Most assessments of the impact of AI on European labour markets conclude that it will have two key impacts: displacing human labour and driving productivity. In the long run, both of these effects can be positives. In the short run, they are likely to be disruptive and disorienting. The reach of automation into parts of the cognitive labour market that have heretofore been protected from it may be a social shock, and raises the prospect of a hollowed out labour market where elite cognitive labour and non-routine low-cost manual work sit above and below a disappearing landscape of traditional skilled middle class jobs in both manufacturing and services. While new roles are likely to be created as well as old ones displaced by machine judgement, the detail of this evolution is inherently uncertain in advance.
The initial promise of the internet age was for a free and open space to exchange information. However the advent of algorithm-driven content raises important questions about what we see, how much we share a common information landscape and the reliability of what we rely on for news.
AI is already transforming the delivery of financial services. This is true both at the highly sophisticated end of the market, where firms make use of AI to execute high-frequency trading strategies and at the level of the individual retail investor, where AI can tailor and deliver financial “robo-advice” to consumers. Deferring to machine judgement and automation is by no means new - automated trading is already the dominant form in most large markets. Yet AI clearly has much further to reach into financial decision making – from investment and trading strategies to client classification and product recommendations.
Healthcare systems across the OECD, whether publicly or privately funded, face a range of challenges that threaten their financial and operational sustainability. The demographic crunch is the backdrop to this. Life expectancy has risen inexorably over recent years, but quality of life has often failed to keep pace. More people are living longer, but frequently with complex, chronic conditions that require ongoing treatments. Health systems have to meet this increase in demand with constrained resources, especially since the global financial crisis. Publicly funded systems in particular have received fewer resources than required as governments seek to economise, leading in some cases to a rationing of care.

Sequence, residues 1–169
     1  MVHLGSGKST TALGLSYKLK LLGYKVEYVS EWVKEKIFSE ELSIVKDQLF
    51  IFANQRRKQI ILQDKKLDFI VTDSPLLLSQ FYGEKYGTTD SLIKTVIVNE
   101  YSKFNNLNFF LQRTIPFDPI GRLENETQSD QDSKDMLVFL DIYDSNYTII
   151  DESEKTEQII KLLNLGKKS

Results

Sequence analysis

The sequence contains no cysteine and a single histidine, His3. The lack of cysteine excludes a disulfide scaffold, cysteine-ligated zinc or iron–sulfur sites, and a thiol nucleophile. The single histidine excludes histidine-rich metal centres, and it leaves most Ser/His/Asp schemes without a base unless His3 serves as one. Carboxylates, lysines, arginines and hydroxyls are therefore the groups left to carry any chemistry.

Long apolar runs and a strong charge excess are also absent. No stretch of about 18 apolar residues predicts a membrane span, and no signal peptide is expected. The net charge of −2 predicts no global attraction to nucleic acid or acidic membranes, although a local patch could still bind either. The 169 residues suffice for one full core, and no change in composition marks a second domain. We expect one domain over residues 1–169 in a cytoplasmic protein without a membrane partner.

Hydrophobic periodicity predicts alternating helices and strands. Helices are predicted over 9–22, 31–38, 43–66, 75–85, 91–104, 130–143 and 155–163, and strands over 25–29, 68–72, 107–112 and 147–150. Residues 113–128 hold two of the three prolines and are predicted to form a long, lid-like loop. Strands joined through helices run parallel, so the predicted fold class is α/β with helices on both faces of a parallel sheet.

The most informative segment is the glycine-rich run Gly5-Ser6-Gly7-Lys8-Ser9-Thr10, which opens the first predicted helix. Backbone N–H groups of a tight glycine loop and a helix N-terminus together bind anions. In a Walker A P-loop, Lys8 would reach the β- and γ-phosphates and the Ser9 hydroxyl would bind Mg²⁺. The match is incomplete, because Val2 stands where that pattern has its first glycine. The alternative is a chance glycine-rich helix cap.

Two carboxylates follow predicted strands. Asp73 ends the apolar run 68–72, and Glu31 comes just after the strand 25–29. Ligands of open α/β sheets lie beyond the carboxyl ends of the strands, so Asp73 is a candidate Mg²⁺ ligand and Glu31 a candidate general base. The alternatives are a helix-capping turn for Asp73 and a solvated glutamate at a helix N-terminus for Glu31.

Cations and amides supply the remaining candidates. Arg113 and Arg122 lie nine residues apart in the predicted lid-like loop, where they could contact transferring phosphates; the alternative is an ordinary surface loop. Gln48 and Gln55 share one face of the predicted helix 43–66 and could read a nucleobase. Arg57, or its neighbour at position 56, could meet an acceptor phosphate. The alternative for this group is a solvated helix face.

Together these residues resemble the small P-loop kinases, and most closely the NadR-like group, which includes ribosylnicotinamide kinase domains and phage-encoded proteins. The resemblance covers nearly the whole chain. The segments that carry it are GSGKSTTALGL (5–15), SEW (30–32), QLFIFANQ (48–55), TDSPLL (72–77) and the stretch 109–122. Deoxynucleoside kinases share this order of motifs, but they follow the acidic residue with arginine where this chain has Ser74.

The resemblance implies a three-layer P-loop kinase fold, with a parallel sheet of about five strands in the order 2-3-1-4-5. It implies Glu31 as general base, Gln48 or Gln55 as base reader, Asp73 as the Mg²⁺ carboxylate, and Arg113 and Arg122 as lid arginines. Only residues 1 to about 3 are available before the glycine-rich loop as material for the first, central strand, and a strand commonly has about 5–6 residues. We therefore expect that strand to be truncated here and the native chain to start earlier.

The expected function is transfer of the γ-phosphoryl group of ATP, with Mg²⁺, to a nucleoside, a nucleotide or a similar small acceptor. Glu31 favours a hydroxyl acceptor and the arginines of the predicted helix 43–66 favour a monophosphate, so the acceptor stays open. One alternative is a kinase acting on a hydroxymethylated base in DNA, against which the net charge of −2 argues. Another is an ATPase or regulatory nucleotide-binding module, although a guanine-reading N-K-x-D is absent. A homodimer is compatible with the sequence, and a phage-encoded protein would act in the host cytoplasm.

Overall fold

The use of big data to drive machine learning and artificial intelligence will transform the way people live and work and the way economies function. In making a national strategy for AI, policymakers will have to weigh priorities that span everything from workplace regulation to industrial policy. What should a national strategy for AI look like? Is one even possible given the wide terrain and pace of change.
During Japanese Prime Minister Shinzo Abe’s visit to the UK yesterday, he and Theresa May were asked about the fate of Hitachi’s Horizon nuclear plant at Wylfa in Wales. Abe’s response, that they did not discuss it, did nothing to reduce anxiety about the multi-billion-pound project. Overnight, Japan’s Nikkei newspaper reported that Hitachi has decided to freeze the project. In response, Hitachi’s share price rose by 6%. Despite Hitachi’s denials, the project appears to be on the brink of collapsing, with neither the Japanese nor the British able to find a combination of investors and government support to finance the costs.
Sovereignty is a tricky word. It’s misused or abused almost as often as it’s used – and it’s been used far more since the UK’s EU referendum date was set almost three years ago. Despite its nebulous character, it gets at the heart of something every human cares about: Who governs me? Who represents me? Who is in control?
EUROPE: Global Counsel Practice Lead Elizabeth Beall is joined by Member for European Parliament Seb Dance to discuss circular economy policy.
Romania’s presidency of the EU Council - formally launching this week - has already received a dose of high-profile scepticism both in Brussels and Bucharest. Politicians ranging from president Juncker to president Iohannis expressed doubts about Romania’s preparedness for its first ever stint at the helm of the EU, 12 years after its accession. In fairness, it will not be a routine rotation as the next six months will signify a turbulent and eventful period for the European Union.
At the end of each year, the Global Counsel team has a tradition of sharing among ourselves a selection of our favourite articles (or podcasts) from the past year. Last year, we decided to risk sharing the tradition. The response was positive enough to encourage us to do so again.